The investigation into Monday’s suicide bombings at a Brussels airport and a Metro station is reportedly prompting fears that the Islamic State is looking to obtain nuclear material and is increasing concerns about security at Belgium’s nuclear faciilities.

Belgium’s nuclear agency said earlier Friday it withdrew the entry badges of some staff and denied access to other people recently amid concerns that the next terror attack could take place at one of the facilities. Employees were sent home hours after the attacks in Brussels.

The New York Times reported that surveillance footage of a top official at a separate site was found last year in the apartment of a terror suspect linked to the extremists who carried out the atrocities in Paris in November.

Belgian media reported this week that two of the suicide bombers in the Brussels attacks, brothers Ibrahim and Khalid El Bakraoui, had video of the home of a senior official at the Mol nuclear waste facility in the Flanders region.

British Defense Secretary Michael Fallon expressed his concerns about ISIS getting its hands on a nuclear weapon. When asked, Fallon said that “was a new and emerging threat,” according to the New York Times.

Sebastien Berg, a spokesman for Belgium’s federal agency, told the Times that their fears lie on several fronts, including “exploding a bomb inside the plant” or “flying something into the plant from the outside.” That could potentially stop the cooling process of used fuel and shut down the plant, Berg said.

According to the New York Times, Belgium has already had its issues with security at its plants. The nuclear agency’s computer network was hacked this year and was shut down briefly. Three years ago, two people were able to jump a fence surrounding a reactor in Mol, break into a lab and steal equipment. And in 2012, two nuclear employees defected from Belgium to join jihadists in Syria and eventually pledged their allegiance to ISIS.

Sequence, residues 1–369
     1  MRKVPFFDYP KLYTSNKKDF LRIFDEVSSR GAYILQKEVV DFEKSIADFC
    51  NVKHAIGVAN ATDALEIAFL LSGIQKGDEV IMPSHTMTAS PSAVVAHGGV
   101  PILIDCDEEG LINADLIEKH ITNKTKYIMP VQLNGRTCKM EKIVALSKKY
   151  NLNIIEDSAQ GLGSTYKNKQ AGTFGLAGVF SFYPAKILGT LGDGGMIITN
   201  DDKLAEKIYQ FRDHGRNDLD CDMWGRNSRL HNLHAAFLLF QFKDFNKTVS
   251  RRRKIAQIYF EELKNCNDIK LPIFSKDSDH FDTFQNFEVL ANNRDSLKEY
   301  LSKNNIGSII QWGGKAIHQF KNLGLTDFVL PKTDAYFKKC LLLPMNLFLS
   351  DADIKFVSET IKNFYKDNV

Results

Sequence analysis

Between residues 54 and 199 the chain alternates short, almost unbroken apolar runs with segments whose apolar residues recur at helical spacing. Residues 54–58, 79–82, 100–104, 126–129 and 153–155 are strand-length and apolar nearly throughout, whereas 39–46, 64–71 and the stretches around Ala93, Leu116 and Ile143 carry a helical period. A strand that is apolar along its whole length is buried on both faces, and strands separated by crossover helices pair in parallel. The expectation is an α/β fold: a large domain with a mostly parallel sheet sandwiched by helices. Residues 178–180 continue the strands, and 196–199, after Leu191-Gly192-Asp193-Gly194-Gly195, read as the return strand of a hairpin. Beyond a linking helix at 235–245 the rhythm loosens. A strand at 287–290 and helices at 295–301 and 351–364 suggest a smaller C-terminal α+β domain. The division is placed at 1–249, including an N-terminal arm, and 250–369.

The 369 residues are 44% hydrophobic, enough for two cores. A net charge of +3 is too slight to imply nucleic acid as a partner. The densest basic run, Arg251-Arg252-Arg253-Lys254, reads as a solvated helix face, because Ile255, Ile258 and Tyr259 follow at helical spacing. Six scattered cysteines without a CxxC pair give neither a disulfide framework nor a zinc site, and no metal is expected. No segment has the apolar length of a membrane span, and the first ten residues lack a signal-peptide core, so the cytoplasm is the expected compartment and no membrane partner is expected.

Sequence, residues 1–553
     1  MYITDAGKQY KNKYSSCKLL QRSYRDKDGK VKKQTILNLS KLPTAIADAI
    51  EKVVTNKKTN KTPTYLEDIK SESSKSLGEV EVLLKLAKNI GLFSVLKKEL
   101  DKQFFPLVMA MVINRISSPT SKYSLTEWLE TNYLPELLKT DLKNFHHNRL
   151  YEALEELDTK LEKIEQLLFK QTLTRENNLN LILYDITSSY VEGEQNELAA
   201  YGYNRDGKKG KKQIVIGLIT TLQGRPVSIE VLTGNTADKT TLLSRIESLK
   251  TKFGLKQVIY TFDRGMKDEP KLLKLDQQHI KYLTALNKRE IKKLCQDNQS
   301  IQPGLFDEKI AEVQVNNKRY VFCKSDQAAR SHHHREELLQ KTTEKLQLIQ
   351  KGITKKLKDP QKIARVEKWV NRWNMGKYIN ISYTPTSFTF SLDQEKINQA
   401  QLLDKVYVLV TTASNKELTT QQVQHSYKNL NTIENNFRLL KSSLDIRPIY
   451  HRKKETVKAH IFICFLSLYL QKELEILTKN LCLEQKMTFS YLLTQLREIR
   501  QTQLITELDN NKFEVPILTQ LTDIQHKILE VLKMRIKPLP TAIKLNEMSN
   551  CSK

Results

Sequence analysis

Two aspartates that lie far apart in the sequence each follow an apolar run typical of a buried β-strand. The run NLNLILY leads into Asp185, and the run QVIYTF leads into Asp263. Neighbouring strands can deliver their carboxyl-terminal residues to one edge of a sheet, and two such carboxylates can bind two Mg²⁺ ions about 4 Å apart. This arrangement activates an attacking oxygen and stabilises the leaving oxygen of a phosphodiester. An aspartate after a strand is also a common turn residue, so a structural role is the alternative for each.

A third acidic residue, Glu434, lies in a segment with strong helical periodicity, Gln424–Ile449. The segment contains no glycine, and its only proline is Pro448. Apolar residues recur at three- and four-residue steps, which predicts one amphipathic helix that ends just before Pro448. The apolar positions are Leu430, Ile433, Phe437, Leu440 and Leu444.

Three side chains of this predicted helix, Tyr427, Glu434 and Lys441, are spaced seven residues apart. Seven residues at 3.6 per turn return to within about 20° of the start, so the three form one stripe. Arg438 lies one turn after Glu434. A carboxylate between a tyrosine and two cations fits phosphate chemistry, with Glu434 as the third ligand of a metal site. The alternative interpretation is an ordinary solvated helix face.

One of the former employees died fighting in Syria, but Pieter Van Oestaeyen, a researcher who tracks terror networks in Belgium, told the New York Times the other man was convicted on terror charges in Belgium in 2014 and had been released last year.

Another incident reportedly occurred in 2014 when another unknown individual turned a valve on a reactor and drained 65,000 liters of oil used to lubricate turbines. The damage was so extensive it shut down the reactor for five months. Authorities are investigating possible links between that incident and terror groups.

“This was a deliberate act to take down the nuclear reactor, and a very good way to do it,” Berg told the Times.

The incidents are now being seen in a different way after the attacks in Brussels Monday and the anti-terror raids across Paris and Brussels in the last few days after the bombings.

Experts told the newspaper that obtaining any of the nuclear material from Belgium’s reactors would be a tough grab without alerting law enforcement. Even a dirty bomb threat is low because radioactive waste is incredibly toxic and would likely sicken or kill the people trying to obtain it rather quickly, the Times reported.

Belgium has both low and high enriched uranium. Officials in the nuclear field told the Times that the discovery of surveillance footage of a top nuclear official has sparked concerns that a terror group could kidnap a nuclear scientist and force them to help them obtain nuclear materials.

The Associated Press contributed to this report.

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